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Contributors Foreword by Sakiko Fukuda-Parr Preface by Michael A. Gollin Acknowledgements Acronyms and abbreviations Overview 1 Intellectual property through the lens of human development Tzen Wong 1 The expanding matrix of intellectual property rights 2 Rationales, checks and balances 3 Capabilities and innovation 4 Multiple ways of viewing development 5 Conclusion: Re-posing the questions 2 Intellectual property and medicine: Towards global health equity Claudia Chamas, Ben Prickril and Joshua D. Sarnoff 1 Overview of intellectual property issues and trends relating to health 2 Strategies and public-private initiatives for research into new medicines and vaccines 3 Future scenarios relating to intellectual property and health 4 Conclusion 3 Food security and intellectual property rights: Finding the linkages Hans Morten Haugen, Manuel Ruiz Muller and Savita Mullapudi Narasimhan 1 The right to food: A conceptual and legal background 2 Trends in agricultural innovation and technology: The impact on farming communities in developing countries 3 Intellectual property rights in agriculture 4 Enclosure of the commons and some reactions 5 The challenges ahead for developing countries: Ensuring better use of genetic resources and more targeted research and development 6 Conclusion 4 Trends and scenarios in the legal protection of traditional knowledge Charles McManis and Yolanda Terán 1 Fundamental concepts and distinctions in the legal protection of traditional knowledge 2 Transmission and loss of traditional knowledge 3 Principal international agreements relevant to the legal protection of traditional knowledge 4 Trends in the legal protection of traditional knowledge 5 Conclusion 5 Traditional cultural expressions: Preservation and innovation Tzen Wong and Claudia Fernandini 1 Concepts and definitions 2 Circulation and commodification of traditional cultural expressions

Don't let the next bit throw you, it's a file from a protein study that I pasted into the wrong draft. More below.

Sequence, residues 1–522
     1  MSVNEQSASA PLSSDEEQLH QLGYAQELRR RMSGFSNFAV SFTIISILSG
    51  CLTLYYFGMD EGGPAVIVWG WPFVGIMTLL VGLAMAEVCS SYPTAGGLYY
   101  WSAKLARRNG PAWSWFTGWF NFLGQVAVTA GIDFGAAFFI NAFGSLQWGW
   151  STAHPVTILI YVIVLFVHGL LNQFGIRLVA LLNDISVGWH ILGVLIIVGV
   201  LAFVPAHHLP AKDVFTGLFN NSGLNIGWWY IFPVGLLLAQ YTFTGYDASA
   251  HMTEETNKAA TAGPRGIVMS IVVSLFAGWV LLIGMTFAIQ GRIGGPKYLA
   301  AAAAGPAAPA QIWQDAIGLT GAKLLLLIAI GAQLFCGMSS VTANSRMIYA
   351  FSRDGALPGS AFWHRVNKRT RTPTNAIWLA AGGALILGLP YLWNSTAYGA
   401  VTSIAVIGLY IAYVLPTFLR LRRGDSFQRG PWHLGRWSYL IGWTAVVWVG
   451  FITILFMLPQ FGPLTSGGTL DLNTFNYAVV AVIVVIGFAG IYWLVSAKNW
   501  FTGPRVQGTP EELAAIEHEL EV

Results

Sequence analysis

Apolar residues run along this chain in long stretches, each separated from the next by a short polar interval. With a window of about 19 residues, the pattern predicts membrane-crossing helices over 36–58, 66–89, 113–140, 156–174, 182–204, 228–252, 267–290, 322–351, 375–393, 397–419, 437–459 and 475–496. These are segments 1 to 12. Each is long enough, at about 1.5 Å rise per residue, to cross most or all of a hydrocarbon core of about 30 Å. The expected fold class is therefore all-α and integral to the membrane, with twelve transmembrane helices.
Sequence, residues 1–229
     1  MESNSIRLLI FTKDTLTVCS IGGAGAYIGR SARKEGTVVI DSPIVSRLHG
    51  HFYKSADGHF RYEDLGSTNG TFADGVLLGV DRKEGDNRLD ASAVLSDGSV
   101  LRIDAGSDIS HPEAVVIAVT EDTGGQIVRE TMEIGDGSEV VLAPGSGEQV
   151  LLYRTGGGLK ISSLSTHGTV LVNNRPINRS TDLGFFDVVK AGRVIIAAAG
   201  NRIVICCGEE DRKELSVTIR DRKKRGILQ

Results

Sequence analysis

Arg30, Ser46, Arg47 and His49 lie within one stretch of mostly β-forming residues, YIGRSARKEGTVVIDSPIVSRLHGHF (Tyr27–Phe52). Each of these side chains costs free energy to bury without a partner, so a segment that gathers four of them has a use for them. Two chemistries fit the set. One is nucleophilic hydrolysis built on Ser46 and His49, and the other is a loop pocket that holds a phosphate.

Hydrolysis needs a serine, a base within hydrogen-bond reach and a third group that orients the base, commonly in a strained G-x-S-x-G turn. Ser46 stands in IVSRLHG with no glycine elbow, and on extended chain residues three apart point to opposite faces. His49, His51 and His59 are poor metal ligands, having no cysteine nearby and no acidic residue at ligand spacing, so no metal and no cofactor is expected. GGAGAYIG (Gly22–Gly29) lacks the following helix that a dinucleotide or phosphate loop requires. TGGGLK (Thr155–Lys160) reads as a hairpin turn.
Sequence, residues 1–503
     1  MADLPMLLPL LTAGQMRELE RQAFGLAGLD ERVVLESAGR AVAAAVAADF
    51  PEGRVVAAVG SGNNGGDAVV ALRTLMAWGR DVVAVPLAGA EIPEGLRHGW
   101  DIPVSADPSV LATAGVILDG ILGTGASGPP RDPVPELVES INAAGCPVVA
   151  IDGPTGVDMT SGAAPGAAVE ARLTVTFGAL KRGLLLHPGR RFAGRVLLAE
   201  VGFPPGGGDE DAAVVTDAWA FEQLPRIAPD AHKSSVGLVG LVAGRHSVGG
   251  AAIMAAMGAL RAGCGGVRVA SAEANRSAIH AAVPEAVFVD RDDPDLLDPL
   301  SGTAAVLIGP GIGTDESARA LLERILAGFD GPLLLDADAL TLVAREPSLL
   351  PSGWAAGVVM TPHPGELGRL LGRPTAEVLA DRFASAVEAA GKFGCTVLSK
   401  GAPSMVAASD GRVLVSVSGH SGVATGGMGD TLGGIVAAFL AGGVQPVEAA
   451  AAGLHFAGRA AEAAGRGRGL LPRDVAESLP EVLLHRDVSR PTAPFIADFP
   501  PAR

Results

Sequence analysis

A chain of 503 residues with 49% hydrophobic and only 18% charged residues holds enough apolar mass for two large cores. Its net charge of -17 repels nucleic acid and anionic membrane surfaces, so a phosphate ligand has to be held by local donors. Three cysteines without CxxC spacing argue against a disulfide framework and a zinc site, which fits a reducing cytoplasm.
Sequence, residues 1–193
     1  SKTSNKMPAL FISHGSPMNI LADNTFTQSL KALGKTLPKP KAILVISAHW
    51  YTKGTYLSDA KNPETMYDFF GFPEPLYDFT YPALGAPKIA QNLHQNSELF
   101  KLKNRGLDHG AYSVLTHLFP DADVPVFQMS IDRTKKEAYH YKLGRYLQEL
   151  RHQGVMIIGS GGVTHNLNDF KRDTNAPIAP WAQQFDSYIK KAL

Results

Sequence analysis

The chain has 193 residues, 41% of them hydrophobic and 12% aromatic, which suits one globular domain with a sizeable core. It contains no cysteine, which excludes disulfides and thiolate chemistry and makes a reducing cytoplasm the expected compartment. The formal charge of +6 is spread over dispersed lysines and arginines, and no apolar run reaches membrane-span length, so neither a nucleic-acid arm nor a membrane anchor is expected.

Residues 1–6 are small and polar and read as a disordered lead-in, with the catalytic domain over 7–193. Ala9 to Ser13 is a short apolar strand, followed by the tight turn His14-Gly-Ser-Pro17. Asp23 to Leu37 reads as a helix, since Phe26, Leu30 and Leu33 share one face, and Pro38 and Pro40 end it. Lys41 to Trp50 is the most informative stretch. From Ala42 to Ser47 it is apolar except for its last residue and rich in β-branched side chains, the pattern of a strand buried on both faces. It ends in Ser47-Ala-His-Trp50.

"IP resources the right size, at the right time, in the right place" www.piipa.org
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Molly Torsen and Claudia Fernandini 1 Some concepts and definitions 2 Cultural rights and intellectual property rights 3 Emerging framework of protection for cultural diversity 4 Revisiting copyright as an economic incentive to create 5 Public access to cultural works: Nurturing capabilities for creative expression 6 Changing notions of authorship 7 Technology as a driving force for change 8 Some scenarios and reflections for the future 9 Conclusion 9 Scenario planning on the future of intellectual property: Literature review and implications for human development Michael A.org © Public Interest Intellectual Property Advisors 2011 – shared under a Creative Commons Attribution-NonCommercial-NoDerivs licence . Gollin. in the right place" www. at the right time. Gwen Hinze and Tzen Wong 1 Scenario planning and intellectual property 2 Intellectual property in the year 2025 3 The future of the public domain: Scenario analysis 4 Challenges and opportunities from new technology 5 Scenario planning and the Development Agenda 6 Conclusion "IP resources the right size.Intellectual Property and Human Development 2 3 Limited protection of traditional cultural expressions through copyright. education and copyright 2 Pro-access implications of information technology on knowledge and education 3 Legislative developments and pro-access strategies 4 Conclusion 8 Cultural diversity and the arts: Contemporary challenges for copyright law Tzen Wong.piipa. moral rights and design rights 4 Labels denoting origin and other characteristics 5 Fixing or innovating? 6 Some sui generis forms of protection for traditional cultural expressions 7 Use of codes of ethics and protocols to supplement legal provisions 8 Conclusion 6 Copyright and capability for education: An approach ‘from below’ Margaret Chon 1 Linking intellectual property to development 2 Linking development to capabilities 3 Linking capabilities to educational access 4 Linking educational access to copyright 5 Substantive equality: Copyright and capability for basic education 6 Conclusion 7 Knowledge and education: Pro-access implications of new technologies Dalindyebo Shabalala 1 Technology.